Good internal audit functions have processes for assessing their own effectiveness. They use the results, together with feedback from the stakeholders, to monitor trends over time and achieve continuous improvement in their practices and performance. Examples of measurement techniques include customer satisfaction surveys, post audit debriefing, and internal quality assurance reviews.

How Deloitte can help

Deloitte is recognized as leader in internal audit services in Luxembourg. Through years of experience, we have developed an extensive expertise in a wide range of regulated and non-regulated industries such as transportation, public entities, healthcare, real estate, technology, research centers, and manufacturing.

Deloitte helps organizations to establish and improve their internal audit functions by supporting companies in:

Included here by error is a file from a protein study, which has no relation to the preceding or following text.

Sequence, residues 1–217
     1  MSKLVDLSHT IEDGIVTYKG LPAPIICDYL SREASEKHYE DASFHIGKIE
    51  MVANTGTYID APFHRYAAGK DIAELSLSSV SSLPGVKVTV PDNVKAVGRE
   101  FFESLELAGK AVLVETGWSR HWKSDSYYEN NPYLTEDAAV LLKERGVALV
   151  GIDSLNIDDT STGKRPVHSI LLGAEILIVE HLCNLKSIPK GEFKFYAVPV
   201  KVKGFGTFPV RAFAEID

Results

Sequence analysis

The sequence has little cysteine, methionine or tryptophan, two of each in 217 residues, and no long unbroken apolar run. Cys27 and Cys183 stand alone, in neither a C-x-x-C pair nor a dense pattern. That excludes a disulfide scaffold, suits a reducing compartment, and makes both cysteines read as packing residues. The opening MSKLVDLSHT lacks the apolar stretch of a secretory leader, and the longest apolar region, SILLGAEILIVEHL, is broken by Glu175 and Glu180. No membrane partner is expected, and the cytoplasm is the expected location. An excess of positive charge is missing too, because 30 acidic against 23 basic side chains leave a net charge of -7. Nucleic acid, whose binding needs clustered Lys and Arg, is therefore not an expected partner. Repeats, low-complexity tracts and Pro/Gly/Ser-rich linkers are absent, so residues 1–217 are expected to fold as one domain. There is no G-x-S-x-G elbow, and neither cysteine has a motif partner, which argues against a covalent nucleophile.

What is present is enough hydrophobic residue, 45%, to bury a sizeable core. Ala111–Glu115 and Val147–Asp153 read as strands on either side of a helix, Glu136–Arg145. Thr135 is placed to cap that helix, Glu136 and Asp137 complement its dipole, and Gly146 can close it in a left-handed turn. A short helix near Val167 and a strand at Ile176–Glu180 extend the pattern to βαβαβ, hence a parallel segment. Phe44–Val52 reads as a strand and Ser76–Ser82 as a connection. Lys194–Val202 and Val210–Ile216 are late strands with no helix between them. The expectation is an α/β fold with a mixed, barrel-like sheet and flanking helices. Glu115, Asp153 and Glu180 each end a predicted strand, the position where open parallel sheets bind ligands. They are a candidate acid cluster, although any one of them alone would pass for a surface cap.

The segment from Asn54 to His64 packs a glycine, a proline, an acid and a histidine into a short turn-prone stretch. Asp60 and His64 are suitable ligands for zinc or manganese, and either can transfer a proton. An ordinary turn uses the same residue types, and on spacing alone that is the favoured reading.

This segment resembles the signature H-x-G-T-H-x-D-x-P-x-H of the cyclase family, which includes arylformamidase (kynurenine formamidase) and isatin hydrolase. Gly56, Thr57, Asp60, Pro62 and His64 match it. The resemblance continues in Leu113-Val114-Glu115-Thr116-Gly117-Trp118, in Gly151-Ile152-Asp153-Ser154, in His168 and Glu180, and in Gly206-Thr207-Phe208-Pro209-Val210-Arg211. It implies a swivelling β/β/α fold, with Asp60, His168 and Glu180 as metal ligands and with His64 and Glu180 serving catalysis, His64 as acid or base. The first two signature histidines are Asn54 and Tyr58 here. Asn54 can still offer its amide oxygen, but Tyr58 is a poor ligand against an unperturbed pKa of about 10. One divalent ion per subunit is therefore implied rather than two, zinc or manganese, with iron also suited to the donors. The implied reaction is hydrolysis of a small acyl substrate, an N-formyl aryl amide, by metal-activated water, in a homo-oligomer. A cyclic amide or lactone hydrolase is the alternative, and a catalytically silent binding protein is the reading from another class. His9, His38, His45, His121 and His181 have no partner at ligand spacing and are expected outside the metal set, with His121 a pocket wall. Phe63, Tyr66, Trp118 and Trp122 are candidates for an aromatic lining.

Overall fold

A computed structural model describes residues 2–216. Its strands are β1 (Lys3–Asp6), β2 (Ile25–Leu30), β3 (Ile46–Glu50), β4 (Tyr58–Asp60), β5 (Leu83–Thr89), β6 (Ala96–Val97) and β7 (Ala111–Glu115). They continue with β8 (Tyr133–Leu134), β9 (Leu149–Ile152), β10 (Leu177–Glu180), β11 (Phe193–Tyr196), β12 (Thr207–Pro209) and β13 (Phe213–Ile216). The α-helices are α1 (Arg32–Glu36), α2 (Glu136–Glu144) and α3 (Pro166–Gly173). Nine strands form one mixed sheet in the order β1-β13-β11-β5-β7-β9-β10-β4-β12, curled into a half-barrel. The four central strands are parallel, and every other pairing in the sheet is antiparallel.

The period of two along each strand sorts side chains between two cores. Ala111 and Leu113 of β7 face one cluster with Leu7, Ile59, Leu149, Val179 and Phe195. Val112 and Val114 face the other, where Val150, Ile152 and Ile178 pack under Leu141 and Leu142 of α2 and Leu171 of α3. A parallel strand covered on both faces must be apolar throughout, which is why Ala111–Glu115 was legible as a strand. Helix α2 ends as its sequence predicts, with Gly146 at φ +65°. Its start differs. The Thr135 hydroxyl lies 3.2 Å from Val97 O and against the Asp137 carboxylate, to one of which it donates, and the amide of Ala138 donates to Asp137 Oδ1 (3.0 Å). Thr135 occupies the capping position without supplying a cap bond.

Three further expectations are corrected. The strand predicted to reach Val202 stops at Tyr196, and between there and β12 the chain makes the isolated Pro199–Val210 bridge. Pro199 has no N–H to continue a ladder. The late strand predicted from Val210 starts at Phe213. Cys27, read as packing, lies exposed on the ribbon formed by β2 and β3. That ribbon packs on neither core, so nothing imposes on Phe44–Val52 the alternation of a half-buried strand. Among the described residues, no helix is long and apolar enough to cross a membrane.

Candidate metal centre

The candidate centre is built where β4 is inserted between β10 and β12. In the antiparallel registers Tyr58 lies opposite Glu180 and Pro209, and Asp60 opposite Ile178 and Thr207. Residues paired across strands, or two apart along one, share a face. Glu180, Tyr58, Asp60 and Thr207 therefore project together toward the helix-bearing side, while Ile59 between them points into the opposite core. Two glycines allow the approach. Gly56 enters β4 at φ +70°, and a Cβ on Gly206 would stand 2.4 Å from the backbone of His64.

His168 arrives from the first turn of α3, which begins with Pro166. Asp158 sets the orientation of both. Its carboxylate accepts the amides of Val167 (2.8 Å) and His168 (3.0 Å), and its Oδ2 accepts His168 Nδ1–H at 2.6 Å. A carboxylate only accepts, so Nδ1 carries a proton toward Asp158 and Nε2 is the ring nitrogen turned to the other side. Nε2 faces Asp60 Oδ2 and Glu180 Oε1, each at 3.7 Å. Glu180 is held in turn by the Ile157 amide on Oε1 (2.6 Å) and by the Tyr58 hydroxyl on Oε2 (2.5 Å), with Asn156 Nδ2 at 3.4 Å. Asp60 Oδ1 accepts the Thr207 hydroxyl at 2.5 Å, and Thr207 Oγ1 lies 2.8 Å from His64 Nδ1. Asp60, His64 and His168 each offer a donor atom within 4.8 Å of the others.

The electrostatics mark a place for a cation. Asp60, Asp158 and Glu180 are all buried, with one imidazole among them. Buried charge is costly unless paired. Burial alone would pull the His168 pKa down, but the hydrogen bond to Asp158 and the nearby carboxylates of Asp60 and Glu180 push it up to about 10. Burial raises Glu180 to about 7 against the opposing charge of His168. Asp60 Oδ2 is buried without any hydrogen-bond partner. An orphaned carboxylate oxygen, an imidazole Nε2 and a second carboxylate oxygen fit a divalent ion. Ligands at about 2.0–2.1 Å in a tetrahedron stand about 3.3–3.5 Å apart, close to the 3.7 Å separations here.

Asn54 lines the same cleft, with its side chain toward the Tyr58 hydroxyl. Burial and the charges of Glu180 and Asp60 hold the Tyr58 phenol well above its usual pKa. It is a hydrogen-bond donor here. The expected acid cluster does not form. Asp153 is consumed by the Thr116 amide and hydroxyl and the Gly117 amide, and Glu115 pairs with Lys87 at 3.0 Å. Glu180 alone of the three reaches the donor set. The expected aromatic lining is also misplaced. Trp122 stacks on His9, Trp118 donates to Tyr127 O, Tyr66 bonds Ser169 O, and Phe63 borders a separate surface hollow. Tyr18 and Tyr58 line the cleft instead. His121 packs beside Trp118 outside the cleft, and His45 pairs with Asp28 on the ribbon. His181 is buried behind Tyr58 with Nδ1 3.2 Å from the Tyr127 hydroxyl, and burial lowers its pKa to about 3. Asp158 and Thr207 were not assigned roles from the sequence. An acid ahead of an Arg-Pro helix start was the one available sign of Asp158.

• Creation: We help build value-adding and leading functions adaptable to our client’s environment;
  • Co-sourcing: We offer a flexible solution to supplement your internal audit team with external resources of specialized skills;
  • Outsourcing: We can fully adopt the role and serve as the organization’s internal audit department;
  • Strategic audit plan development: We analyze risk-driven plans to reach specific management or Board objectives using a prioritized risk universe;
  • Internal audit function review and enhancement: We can measure the internal audit quality, benchmark, and transformation;
  • Internal audit training, methodology, and tools: As our team stays abreast of the latest trends and guidelines, we are able to offer tuition for both staff and management.